By the time the 23-year-old soldier’s court martial starts on February 4, 2013, Bradley Manning will have spent 983 days in prison, including nine months in solitary confinement, without having been convicted of a single crime. This week, in pre-trail hearings, a military court is reviewing evidence that the conditions under which he has been held constitute torture. These conditions include the nine-month period spent 23 hours a day in a six-by-eight-foot cell where he was forbidden to lie down or even lean against a wall when he was not sleeping – and when he was allowed to sleep at night, officers woke him every five minutes – and where he was subjected to daily strip searches and forced nudity. The UN Special Rapporteur for Torture has already found this amounted to cruel, inhuman and degrading treatment, and possibly torture.
For almost three years Manning has endured intense physical and mental pressure, all designed to force him to implicate WikiLeaks and its publisher Julian Assange in an alleged conspiracy to commit espionage. It is also a message to would-be whistleblowers: the U.S. government will not be gentle.
“[If] you saw incredible things, awful things… things that belonged in the public domain, and not on some server stored in a dark room in Washington, D.C.… what would you do? … It’s important that it gets out…it might actually change something… hopefully worldwide discussion, debates, and reforms…”
These are purportedly Manning’s words*, and that is change many of us would like to believe in: that if you give people the truth about their government’s unlawful activities, and the freedom to discuss it, they will hold their elected officials accountable.
But it is one thing to talk about transparency, the lifeblood of democracy, and even to campaign on it – in 2008, candidate Obama said, “Government whistleblowers are part of a healthy democracy and must be protected from reprisal” – and another thing to act on it. On a fundamental level, Manning is being punished, without being convicted, for a crime that amounts to having the courage to act on the belief that without an informed public our republic is seriously compromised. Or, as he is quoted saying, for wanting “people to see the truth… regardless of who they are… because without information, you cannot make informed decisions as a public.”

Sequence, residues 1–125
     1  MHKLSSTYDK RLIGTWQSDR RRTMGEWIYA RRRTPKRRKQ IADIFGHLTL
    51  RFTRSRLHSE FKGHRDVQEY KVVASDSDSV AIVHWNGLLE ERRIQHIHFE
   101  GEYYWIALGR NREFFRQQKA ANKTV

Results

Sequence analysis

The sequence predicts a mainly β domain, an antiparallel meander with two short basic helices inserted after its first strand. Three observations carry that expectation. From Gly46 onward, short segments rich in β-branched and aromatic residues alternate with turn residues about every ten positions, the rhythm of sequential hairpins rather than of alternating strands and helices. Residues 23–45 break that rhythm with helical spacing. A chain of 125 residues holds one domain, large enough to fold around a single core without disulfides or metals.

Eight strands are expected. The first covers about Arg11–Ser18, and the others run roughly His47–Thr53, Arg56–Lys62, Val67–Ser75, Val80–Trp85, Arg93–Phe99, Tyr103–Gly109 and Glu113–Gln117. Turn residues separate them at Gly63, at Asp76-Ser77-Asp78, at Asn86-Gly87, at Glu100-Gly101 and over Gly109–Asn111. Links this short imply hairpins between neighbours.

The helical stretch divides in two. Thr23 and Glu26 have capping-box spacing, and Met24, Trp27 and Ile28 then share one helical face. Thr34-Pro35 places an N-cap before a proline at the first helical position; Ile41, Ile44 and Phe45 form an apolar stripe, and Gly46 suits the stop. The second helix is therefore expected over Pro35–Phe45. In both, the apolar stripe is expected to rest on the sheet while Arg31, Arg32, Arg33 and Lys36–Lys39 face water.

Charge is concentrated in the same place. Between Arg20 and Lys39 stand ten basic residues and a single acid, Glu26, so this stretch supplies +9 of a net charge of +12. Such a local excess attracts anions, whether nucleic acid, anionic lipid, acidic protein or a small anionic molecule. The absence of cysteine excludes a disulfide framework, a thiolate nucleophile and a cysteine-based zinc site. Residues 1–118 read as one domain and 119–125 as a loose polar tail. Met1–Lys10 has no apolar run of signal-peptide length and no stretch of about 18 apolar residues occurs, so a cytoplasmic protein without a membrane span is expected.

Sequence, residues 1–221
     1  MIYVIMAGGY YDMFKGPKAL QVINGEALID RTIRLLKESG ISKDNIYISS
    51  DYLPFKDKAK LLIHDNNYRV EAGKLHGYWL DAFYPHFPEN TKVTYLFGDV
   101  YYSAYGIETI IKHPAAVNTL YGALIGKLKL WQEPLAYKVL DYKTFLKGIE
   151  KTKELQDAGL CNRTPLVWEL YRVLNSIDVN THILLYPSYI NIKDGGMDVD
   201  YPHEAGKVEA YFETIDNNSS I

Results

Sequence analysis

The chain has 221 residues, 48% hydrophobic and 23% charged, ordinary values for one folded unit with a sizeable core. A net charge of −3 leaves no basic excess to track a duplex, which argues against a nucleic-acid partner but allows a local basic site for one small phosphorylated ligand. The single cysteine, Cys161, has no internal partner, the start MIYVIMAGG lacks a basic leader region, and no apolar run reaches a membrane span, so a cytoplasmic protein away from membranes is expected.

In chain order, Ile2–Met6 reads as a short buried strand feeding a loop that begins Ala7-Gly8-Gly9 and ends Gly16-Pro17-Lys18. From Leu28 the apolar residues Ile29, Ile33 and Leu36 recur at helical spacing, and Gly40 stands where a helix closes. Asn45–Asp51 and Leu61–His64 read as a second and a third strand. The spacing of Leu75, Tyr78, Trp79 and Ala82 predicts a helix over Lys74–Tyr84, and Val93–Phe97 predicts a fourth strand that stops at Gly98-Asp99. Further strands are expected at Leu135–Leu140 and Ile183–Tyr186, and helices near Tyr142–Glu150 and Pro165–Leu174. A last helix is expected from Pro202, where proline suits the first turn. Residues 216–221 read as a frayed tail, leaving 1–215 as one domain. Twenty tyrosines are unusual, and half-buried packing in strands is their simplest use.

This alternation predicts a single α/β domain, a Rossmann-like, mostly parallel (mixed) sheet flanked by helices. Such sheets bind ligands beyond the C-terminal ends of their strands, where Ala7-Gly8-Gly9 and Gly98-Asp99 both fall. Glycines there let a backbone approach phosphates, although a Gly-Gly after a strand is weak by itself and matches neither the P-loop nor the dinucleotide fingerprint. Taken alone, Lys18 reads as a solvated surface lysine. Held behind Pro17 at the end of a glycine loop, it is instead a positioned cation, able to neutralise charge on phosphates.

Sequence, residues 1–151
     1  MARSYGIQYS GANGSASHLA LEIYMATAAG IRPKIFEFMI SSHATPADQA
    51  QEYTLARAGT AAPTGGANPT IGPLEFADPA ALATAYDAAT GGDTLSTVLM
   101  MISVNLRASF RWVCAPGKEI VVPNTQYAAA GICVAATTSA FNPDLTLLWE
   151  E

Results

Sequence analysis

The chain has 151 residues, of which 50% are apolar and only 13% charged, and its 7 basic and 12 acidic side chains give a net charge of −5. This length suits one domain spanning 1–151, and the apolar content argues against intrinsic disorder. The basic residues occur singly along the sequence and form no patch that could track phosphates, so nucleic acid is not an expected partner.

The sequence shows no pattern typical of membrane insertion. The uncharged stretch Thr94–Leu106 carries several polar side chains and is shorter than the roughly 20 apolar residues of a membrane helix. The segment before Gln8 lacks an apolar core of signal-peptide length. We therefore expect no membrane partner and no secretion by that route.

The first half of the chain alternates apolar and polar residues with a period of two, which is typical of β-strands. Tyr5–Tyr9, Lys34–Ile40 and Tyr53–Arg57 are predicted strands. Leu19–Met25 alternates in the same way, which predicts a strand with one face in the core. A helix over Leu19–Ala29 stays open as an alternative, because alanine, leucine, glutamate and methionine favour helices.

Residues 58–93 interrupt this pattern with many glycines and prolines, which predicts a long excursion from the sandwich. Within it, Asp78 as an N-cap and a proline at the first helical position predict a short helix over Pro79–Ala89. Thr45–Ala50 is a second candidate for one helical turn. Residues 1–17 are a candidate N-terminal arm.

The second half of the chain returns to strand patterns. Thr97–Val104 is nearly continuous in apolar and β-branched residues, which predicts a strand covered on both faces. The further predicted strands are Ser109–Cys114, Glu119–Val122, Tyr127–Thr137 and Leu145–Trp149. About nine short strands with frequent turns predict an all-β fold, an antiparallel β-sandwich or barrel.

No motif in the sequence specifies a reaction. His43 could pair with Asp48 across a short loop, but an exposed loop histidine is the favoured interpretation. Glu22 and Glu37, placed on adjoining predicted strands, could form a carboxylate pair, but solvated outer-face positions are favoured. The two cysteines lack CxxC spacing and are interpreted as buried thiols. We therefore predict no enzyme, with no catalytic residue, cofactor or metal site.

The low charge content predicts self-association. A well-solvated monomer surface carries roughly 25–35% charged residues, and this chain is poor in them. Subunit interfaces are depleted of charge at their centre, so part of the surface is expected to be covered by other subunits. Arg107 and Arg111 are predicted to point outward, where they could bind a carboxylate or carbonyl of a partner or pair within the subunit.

The U.S. government is intent on creating a portrait of Manning as a traitor who aided and abetted Al Qaeda by releasing classified information into the public domain. But what actually occurred was that documents were sent anonymously to WikiLeaks, which published them in collaboration with The New York Times, The Guardian and other news media for the benefit of the general public, much like the Pentagon Papers were published a generation ago.
The emails the prosecution is using to try to prove Manning was the source of the leaks also depict the side of the story they want to hide, that of a young soldier grappling with the dilemma of a would-be whistleblower who knows he is taking great risks by exposing the state-sponsored crimes and abuses he witnessed, the “almost criminal political back-dealings… the non-PR-versions of world events and crises,” as he is quoted describing them to the confidant who ultimately betrayed him.
“I will officially give up on the society we have if nothing happens.” One can’t help wondering what Manning must think now, after so long under such brutal conditions of confinement. Did he expect the government to punish him in such a disproportionate and unlawful manner?
Manning’s abusive pre-trial treatment is a clear violation of the Fifth, Sixth, and Eighth Amendments to the U.S. Constitution, the United Nations Convention Against Torture, and even U.S. military law. In fact, Manning’s defense attorney David Coombs is arguing in the pre-trail hearings this week that in view of this blatant disregard for his client’s most fundamental rights, all charges should be dismissed.
The government claims this was all done to prevent Manning from committing suicide, though any rational observer might point out that these conditions are more likely to drive someone to suicide than keep him from it. The more likely explanation is the obvious one: the government wants to break Manning enough to force him to implicate WikiLeaks and Assange, and make enough of a show of it to deter other whistleblowers. At stake is the foundation of our democracy, a robust free press, and the fate of a true American hero.
*Disclaimer: Bradley Manning has not been convicted of any charges, nor has he admitted to any of the allegations against him. Likewise, he has not acknowledged the chat logs that purport to be his words.
Michael Ratner is President Emeritus of the Center for Constitutional Rights, which represents WikiLeaks and Julian Assange as well as other journalists and major news organizations seeking to make the documents from the Manning trial public.